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Beloved NYC store Fishs Eddy ‘gasping for air’ amid pandemic

Emmanuel Bwembya

Oct. 01, 2020

A beloved Big Apple dishware emporium has been left like a “fish gasping for air” — barely able to afford rent amid the coronavirus pandemic’s financial crunch, its owner says.
Manhattan staple Fishs Eddy is drowning in money woes with fewer tourists around to peruse its aisles of eclectic goods — which include Ruth Bader Ginsburg coffee mugs, founding fathers shot glasses and “Buttah”-emblazoned butter dishes.
“We’re like a fish gasping for air — literally,” storeowner Julie Gaines, 57, told the Post on Wednesday.
Even before the COVID-19 outbreak, the small business was “bruised,” she admitted. But now, funds meant for restocking the eccentric merchandise are dwindling — and Gaines said she’s struggling to pay her Union Square-area rent.
“There is no extra money for anything. No money to do extra patterns for dishes, every penny is going towards survival now,” said Gaines.
“This is really killing me,” she added. “We’re on the defensive now and just really really trying to stay alive.”
Before the city went on lockdown in mid-March, visitors from all over the world flocked to the neighborhood favorite to purchase its iconic skyline dishware, which feature the Twin Towers and was once the subject of a spat with the Port Authority.
But now, “There is no line at the register,” said Gaines.
“We relied on tourists and now nobody is coming here, nobody is staying in hotels, so that’s gone,” she added.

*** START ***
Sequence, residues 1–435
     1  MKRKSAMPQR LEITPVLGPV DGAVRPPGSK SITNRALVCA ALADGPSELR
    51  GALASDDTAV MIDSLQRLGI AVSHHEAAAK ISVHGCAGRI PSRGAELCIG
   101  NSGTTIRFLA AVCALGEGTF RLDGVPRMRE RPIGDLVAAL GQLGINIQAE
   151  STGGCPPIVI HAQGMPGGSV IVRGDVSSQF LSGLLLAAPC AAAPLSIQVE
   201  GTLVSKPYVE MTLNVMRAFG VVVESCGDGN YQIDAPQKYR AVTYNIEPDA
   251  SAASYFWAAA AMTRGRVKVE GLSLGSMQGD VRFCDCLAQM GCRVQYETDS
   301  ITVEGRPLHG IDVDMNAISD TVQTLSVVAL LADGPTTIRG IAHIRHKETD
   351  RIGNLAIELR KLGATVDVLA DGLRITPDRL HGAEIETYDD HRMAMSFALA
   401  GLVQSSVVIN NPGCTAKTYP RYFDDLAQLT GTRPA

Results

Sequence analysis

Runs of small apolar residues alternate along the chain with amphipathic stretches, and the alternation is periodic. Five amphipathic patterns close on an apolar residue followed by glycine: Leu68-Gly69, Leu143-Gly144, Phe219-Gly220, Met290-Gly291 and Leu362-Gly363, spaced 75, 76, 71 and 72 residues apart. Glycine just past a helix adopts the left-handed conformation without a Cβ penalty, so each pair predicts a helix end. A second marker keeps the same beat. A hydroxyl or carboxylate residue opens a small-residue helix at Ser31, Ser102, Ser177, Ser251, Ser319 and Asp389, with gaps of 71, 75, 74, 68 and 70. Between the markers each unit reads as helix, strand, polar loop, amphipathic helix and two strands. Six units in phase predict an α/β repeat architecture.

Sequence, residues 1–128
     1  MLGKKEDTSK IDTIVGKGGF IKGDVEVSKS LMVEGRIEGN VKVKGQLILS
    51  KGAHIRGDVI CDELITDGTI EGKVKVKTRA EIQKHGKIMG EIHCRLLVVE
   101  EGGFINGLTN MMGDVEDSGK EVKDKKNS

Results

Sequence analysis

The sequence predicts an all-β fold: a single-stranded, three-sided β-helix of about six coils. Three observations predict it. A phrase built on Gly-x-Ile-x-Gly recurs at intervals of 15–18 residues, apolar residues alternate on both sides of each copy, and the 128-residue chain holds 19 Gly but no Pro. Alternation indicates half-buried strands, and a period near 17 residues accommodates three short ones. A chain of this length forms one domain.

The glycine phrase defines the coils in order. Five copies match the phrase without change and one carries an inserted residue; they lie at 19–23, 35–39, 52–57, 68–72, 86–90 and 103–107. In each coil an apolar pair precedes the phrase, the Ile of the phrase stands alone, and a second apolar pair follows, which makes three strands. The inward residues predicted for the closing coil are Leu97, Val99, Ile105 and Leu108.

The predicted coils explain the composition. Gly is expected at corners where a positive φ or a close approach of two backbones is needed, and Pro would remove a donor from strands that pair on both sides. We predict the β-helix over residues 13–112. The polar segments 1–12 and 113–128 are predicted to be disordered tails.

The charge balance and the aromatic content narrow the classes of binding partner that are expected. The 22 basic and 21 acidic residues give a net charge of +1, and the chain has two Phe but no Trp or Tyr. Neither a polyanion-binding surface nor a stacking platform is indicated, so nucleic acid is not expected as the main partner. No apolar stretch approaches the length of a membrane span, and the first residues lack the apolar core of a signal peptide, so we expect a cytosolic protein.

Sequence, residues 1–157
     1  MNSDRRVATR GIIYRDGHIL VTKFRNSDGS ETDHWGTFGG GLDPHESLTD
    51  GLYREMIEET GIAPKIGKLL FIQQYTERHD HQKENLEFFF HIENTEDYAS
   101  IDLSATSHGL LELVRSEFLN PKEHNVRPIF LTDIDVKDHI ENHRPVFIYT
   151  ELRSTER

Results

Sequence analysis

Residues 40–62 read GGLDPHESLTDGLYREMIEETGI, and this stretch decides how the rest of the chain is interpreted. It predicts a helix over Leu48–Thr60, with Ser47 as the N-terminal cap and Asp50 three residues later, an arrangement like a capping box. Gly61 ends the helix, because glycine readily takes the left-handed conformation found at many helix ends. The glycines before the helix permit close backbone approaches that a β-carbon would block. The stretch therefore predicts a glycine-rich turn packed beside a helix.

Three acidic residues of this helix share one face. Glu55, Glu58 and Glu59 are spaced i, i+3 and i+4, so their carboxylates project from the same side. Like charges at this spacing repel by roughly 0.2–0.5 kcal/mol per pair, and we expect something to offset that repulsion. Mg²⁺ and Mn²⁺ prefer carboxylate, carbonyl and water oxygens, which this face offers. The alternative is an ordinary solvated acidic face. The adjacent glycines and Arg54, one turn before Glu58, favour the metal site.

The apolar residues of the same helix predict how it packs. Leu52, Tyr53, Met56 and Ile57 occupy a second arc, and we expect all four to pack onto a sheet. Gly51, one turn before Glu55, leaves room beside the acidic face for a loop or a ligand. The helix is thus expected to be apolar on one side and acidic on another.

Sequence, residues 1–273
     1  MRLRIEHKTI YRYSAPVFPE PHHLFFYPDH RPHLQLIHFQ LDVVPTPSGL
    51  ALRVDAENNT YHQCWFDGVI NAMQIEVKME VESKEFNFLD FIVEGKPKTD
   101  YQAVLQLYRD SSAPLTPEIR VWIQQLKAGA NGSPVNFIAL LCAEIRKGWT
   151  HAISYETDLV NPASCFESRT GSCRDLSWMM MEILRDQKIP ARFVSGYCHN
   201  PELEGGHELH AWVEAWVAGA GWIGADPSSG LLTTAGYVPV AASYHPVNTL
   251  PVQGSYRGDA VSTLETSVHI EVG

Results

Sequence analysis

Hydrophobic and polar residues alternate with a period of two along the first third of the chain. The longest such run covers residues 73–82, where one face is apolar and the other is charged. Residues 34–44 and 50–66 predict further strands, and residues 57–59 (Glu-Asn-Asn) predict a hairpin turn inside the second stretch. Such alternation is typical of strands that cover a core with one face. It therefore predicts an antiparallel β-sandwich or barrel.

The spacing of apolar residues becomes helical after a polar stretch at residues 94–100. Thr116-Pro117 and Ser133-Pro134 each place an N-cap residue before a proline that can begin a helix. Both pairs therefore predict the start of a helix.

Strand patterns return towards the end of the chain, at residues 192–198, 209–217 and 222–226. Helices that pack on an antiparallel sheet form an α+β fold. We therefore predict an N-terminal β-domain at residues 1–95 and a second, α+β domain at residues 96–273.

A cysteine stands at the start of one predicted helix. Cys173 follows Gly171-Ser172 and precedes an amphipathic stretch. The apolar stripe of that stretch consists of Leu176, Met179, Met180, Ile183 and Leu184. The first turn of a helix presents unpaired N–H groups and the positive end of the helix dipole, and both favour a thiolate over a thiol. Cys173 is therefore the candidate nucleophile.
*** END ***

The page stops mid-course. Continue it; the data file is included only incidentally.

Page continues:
Orders from restaurants across the country that bought Fishs Eddy’s quirky wares — which are “proudly made in the US” — have also dried up, as eateries remain shuttered or grapple with their own cash crunches, said Gaines.
The shopkeeper said she received a cash influx from the city meant for hiring employees and payroll, but that “we don’t need them because we don’t have the customers.”
“If you look under the hood everything is way more complicated. It’s just not so simple the city gave us money and we can dig out now,” she added.
In order to get out of its dire straits, Gaines said what she really needs is for tourists to return to the city and “rent forgiveness.” She wouldn’t divulge how much her rent is, only that it’s “a lot of zeroes.”
Since she opened Fishs Eddy in 1986, Gaines said there have been several moments where the store nearly went under — and she’s hopeful the pandemic won’t be what does it in.
“We’ve come out of so much,” she said, “we didn’t think after 9/11 there would be a future, then the 2008 recession happened, and we came out after Hurricane Sandy.”
“I don’t know what our future holds,” Gaines added. “Every fiber in me hopes I’m working. I have to be here… but I just don’t know.”
Additional reporting by Tamar Lapin
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